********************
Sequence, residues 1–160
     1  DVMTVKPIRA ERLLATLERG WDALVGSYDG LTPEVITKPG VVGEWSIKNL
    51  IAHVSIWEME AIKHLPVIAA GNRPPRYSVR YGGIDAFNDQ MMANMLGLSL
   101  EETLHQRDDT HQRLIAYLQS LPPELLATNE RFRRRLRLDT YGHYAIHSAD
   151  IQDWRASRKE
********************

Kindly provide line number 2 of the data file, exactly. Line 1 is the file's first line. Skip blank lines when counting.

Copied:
     1  DVMTVKPIRA ERLLATLERG WDALVGSYDG LTPEVITKPG VVGEWSIKNL